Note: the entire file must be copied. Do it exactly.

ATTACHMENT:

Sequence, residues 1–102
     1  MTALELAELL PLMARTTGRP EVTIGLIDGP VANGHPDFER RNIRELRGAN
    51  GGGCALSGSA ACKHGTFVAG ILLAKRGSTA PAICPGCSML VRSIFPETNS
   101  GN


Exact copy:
Sequence, residues 1–102
     1  MTALELAELL PLMARTTGRP EVTIGLIDGP VANGHPDFER RNIRELRGAN
    51  GGGCALSGSA ACKHGTFVAG ILLAKRGSTA PAICPGCSML VRSIFPETNS
   101  GN